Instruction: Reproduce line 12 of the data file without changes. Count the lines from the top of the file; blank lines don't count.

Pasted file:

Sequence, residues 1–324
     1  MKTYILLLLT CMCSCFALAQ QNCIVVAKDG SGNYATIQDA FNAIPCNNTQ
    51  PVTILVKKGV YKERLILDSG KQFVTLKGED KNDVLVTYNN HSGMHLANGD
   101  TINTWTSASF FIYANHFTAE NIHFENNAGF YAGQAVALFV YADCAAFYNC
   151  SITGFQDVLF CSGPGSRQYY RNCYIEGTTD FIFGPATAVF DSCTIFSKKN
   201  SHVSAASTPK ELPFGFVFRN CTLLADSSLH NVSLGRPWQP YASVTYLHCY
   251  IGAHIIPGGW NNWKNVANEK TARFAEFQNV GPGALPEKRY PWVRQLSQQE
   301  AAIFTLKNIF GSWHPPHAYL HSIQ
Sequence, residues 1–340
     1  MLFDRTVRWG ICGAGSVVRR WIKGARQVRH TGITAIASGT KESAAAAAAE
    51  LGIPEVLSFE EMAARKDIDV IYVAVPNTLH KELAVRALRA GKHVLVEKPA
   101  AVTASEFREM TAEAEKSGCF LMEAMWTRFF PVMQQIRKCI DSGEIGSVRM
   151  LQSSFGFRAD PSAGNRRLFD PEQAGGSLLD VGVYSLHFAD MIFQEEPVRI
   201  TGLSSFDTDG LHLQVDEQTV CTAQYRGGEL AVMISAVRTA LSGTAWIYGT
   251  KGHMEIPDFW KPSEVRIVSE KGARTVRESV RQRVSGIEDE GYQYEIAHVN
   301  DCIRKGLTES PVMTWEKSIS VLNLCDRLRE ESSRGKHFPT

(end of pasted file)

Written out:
   101  AVTASEFREM TAEAEKSGCF LMEAMWTRFF PVMQQIRKCI DSGEIGSVRM